Your microbit’s friendly name

:: microbit

Each micro:bit has a unique serial number, built in at manufacture. This number also translates to a friendly five-character name, which is a bit easier for people to recognize; here’s how to find it out.

What’s so great about the Raspberry Pi?

:: Pi, かわいい

Last month I did some travelling in Japan. Although I had a pre-arranged visit in the South for a few days, much of the time my travels across the country resembled a graph drawn as if from the output of a “travelling salesman” algorithm gone wrong. Because—visiting places I’d not been before like Matsumoto, Sendai, and maximising use of the insanely great railway system.

The expanding family of Scratch

:: Scratch, Snap, Pi, Smalltalk

Scratch is a much loved visual programming application, created by the Lifelong Kindergarten Group of MIT Media Lab and often used for providing a first introduction to coding. For good reason it’s one of the six coding tools displayed in the programming menu of the Raspberry Pi. There’s a common impression that visual languages are just for beginners, and have to be replaced by textual languages for ‘proper’ programming.

‘there is a limited benefit [of Scratch] in a college level education.’ 1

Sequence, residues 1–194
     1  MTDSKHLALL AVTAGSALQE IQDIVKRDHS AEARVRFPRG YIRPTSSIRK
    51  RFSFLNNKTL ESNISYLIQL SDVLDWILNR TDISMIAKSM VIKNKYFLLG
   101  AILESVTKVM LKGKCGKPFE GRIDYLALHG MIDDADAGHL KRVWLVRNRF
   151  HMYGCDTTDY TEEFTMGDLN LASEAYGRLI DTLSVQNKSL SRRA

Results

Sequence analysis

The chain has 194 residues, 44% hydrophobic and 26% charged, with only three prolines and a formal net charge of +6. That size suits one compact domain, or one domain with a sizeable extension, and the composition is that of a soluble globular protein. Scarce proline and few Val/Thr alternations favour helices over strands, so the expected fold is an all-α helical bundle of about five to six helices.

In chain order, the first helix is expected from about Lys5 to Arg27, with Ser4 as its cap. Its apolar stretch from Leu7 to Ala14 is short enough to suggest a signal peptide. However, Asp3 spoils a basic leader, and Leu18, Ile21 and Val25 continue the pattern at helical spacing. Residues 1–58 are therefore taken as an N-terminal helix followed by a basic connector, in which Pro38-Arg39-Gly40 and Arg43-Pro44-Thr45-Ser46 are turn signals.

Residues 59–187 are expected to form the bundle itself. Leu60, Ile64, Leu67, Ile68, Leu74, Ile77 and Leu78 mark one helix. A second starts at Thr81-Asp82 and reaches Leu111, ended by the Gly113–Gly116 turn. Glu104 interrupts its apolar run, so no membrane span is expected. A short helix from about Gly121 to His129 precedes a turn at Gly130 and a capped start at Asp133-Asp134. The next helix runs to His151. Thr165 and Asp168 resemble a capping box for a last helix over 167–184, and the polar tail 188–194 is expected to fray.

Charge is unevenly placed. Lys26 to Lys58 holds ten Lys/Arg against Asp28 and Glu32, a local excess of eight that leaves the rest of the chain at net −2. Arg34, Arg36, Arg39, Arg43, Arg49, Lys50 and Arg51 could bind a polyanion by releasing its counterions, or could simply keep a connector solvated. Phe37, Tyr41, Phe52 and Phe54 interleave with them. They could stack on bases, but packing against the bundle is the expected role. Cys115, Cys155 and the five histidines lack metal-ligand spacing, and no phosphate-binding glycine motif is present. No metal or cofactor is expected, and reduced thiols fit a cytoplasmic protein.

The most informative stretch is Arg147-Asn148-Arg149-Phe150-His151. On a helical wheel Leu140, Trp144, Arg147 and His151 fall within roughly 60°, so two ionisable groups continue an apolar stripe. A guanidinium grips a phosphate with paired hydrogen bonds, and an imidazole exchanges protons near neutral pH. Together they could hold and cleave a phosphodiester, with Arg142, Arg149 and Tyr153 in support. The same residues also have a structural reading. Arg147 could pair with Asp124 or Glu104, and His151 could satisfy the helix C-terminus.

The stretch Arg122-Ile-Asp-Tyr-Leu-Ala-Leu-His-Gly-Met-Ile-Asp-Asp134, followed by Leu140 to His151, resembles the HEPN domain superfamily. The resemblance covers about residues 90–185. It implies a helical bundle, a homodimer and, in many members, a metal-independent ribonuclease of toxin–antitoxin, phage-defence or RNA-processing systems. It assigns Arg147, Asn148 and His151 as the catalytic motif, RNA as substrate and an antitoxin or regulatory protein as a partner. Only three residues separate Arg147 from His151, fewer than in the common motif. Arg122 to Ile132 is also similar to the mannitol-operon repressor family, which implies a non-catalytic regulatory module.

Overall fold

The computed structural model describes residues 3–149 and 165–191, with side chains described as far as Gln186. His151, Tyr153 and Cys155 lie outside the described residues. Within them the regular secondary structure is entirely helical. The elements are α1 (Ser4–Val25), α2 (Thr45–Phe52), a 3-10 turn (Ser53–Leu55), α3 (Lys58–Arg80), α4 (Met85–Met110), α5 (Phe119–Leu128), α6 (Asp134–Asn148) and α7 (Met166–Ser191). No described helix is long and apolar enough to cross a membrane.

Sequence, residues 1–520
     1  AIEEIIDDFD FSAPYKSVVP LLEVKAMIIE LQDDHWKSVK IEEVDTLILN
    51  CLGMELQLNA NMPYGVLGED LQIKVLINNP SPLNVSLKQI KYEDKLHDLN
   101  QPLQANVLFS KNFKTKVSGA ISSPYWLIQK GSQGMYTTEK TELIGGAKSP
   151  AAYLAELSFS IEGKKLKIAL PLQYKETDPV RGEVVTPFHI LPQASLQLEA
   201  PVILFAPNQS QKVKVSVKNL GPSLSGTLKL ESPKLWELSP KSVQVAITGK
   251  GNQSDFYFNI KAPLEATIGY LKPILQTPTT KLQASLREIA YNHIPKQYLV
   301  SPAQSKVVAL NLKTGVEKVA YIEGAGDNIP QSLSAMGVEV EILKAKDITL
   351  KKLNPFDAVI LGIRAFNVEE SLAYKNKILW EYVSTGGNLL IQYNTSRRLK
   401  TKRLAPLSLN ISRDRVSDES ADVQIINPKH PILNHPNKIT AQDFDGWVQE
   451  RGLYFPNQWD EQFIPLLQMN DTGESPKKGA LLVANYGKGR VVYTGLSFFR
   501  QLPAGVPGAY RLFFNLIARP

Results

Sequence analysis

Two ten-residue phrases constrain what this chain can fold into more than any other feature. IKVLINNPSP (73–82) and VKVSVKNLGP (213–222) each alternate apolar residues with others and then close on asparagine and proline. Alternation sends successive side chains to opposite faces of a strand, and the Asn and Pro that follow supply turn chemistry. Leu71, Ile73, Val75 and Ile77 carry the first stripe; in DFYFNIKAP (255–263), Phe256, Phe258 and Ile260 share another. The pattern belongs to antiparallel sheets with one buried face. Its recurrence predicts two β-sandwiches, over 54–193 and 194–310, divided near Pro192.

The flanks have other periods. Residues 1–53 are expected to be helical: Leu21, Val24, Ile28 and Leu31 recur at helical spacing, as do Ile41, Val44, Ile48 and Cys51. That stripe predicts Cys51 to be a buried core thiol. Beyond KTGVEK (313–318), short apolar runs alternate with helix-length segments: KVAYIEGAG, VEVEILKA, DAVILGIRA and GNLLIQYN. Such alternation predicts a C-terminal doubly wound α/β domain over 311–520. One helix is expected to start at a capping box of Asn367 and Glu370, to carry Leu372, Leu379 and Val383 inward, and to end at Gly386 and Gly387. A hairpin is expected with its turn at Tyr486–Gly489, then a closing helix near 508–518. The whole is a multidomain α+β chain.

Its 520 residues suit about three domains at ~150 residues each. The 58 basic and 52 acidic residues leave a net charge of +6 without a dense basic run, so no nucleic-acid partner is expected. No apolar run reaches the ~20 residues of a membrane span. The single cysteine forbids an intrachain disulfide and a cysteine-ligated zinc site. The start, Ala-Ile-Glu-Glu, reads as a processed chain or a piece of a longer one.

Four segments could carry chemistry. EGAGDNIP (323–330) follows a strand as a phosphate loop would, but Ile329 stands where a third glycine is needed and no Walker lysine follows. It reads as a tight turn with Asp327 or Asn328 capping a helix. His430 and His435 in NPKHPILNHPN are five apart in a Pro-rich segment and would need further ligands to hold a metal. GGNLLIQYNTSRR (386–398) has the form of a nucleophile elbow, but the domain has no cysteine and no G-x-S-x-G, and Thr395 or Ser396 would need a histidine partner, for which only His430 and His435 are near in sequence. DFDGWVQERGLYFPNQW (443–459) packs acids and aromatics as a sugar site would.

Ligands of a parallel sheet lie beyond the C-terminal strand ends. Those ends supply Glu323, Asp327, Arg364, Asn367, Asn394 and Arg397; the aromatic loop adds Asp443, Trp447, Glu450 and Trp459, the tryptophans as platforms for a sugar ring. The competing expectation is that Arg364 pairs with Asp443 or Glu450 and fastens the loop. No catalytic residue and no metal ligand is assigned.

Two languages, twenty minutes

:: Smalltalk, Lisp, Pharo, Racket, Pi

Some notes from my talk at the Raspberry Pi ‘Big Birthday Weekend’; entitled ‘Two languages in twenty minutes’ it introduced a couple of programming languages—Pharo (Smalltalk) and Racket (Lisp) running on the Pi 2 Model B. And some background on why you might want to run them.

(PDF of the slides should you find it useful).

Listening to my off-by-one error

:: Pi, Sonic-Pi

I was just writing an example for a Sonic Pi demonstration, and thought I’d show looping. But I got it wrong; and when I heard the results, it was totally obvious. This struck me as an example of where visualising code as sound can be a powerful learning tool.